Arts & Humanities PhD Case Studies: Consulting

This interview, and the others published over the past and next few weeks, are with the employers represented at the recent King’s College London Arts & Humanities PhD careers event. They have been written by PhD candidate Valeria Valotto, to whom we are very grateful!

From Philosophy and Political Theory to Management Consulting

Dr. Dom O’Mahony Consultant at The Boston Consulting Group

Current position: Dom is Consultant at The Boston Consulting Group.

Starting point:

Between 2010 and 2013 I completed a PhD in Philosophy and Political Theory at Cambridge. I worked on the conceptualisation of judgement in Politics. Before starting my PhD I had been working for BCG as an Associate.

First turn – Consulting

I first applied to consulting more or less by accident – I had looked at a few other career options (mainly thanks to Summer internships while completing my BA) like investment banking, that I eventually decided weren’t for me. I had heard that consulting was a good way to create options for whatever it was that I would eventually decide to do with my life.

Second turn – PhD

I moved back to academia because I was seriously considering a career as an academic. My PhD was a unique opportunity to think hard about a particular problem. While doing my PhD I found ways to develop my business skills further. I was Entrepreneur in Residence at Groupon and eventually founded ‘Campus Partners’ a start-up that provided a number of services to companies looking for graduates.

Third turn – Consulting

The diversity of experiences, as well as the pace and the impact of the work, eventually drew me back to BCG.

Top tips for science careers from the Randall Division annual retreat

A guest post by Duvaraka Kulaveerasingam, PhD student, Randall Division of Cell and Molecular Biophysics.

For the first time, the Randall Division annual retreat at Royal Holloway featured an additional Careers Day exclusively for its postdoctorate, PhD and research staff.  It was a huge success.

Randall Division researchers at Royal Holloway

Randall Division researchers at Royal Holloway

The breadth of experience amongst our speakers was phenomenal and it was interesting to see the different paths they had taken to reach where they were today. It was encouraging to hear how they had overcome obstacles such as funding crises and relocations to achieve their goals. Here is some of the advice they gave:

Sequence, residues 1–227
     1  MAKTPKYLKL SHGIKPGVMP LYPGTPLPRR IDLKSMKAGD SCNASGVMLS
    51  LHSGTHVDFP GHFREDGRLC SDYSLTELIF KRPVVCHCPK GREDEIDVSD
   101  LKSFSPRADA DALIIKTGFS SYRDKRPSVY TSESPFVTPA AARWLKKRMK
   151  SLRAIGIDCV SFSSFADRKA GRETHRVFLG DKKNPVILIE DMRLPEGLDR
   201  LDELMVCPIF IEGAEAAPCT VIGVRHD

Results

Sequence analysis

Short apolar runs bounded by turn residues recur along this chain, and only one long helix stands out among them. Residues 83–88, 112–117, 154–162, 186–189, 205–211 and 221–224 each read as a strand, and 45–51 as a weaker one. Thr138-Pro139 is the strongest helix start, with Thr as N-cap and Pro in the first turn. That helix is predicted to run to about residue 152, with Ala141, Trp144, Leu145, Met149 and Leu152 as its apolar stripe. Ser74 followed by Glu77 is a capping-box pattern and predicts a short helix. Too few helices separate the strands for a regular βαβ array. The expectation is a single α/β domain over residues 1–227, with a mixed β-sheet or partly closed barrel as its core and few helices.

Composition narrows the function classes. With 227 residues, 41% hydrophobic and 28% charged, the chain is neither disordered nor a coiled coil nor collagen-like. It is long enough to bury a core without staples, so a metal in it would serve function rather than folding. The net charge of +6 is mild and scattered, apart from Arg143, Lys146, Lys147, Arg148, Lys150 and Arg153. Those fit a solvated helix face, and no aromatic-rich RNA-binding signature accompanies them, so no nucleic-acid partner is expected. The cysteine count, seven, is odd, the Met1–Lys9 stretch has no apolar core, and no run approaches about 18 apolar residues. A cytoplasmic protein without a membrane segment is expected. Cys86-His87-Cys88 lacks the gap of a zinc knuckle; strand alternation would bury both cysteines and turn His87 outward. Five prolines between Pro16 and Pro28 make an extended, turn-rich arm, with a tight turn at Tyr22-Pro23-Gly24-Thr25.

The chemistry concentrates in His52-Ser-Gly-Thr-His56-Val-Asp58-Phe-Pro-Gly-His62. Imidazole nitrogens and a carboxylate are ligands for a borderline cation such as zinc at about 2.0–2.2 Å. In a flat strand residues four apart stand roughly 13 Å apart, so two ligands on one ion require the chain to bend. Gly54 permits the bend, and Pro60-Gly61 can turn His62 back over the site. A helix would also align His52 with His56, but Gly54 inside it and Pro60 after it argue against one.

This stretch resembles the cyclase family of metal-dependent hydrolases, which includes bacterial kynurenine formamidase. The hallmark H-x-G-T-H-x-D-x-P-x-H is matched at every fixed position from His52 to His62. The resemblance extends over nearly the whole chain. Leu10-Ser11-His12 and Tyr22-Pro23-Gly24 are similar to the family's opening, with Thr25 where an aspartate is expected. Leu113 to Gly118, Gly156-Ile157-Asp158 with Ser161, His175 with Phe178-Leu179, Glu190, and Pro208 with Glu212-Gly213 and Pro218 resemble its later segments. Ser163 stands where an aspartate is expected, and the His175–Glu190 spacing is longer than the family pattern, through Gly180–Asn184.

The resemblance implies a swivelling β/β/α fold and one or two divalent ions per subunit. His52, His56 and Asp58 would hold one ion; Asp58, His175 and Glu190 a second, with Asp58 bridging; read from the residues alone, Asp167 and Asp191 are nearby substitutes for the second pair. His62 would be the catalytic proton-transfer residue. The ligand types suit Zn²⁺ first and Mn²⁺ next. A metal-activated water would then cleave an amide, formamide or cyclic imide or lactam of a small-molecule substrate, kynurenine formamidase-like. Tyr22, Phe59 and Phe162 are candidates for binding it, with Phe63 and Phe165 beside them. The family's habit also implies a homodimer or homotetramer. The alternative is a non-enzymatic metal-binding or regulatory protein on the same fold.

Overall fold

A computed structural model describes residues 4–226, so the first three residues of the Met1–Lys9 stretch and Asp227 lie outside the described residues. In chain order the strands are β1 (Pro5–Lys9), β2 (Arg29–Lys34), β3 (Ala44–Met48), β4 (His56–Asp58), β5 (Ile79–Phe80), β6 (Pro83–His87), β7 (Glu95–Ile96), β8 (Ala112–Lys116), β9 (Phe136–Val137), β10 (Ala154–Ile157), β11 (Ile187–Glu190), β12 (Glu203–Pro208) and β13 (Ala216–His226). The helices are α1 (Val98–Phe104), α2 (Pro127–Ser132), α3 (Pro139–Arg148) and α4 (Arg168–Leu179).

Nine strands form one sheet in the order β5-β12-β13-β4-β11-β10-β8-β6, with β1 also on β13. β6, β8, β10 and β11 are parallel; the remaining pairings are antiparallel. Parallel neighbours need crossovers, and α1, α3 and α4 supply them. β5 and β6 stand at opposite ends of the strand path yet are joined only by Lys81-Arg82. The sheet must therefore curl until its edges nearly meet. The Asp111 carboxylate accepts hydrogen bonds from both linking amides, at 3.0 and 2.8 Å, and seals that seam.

• All of our speakers stressed that you have to be able to sell yourself in any career
  • Network wherever you go – your contacts may one day find you a job as Roy Edward (Biostatus) found out when he was being made redundant
  • Make sure you are visible – whether it’s on LinkedIn or at a conference. Alison Care (Kilburn&Strode) let us know that she checks future employee’s Facebook pages too.
  • Pete Etchells (Guardian) told us to be patient with blogging; tweet, email and ask renowned bloggers to share or give feedback on your work, and practice writing all the time!
  • Never assume you aren’t right for the job – tell the employers what skills you are willing to learn. Arianne Heinrichs (Nature) described what she had to learn as a non-native english speaker during her career.
  • Turning down brilliant opportunities for personal reasons doesn’t mean the end, as Chas Bountra (SGC) and Peter O’Toole (University of York) found. They both ended up in their current positions thanks to these turning points.
  • Contact prospective employers and find out not only if you are right for the job, but if the company or the lab is right for you.
  • Keep your eyes open for internships opportunities. Aaron Goater (Westminster) stressed that some government departments have small teams with few roles so you need to check websites regularly.

If you are looking to organise a careers event don’t hesitate to contact our team to find out how we did it!

Photo courtesy Roksana Nikoopour

Academic Career Map – find out about European posts

Are you interested in taking up a research position in a university outside of the UK? An extremely handy Academic Career Map has been compiled by the League of European Research Universities (LERU). The maps show the different research positions available in an institution, the levels of responsibility, how they are funded at each stage and how a researcher may progress from one level to the next. Countries covered: Belgium (Flanders), Finland, France, Germany, Italy, The Netherlands, Sweden, Switzerland, UK.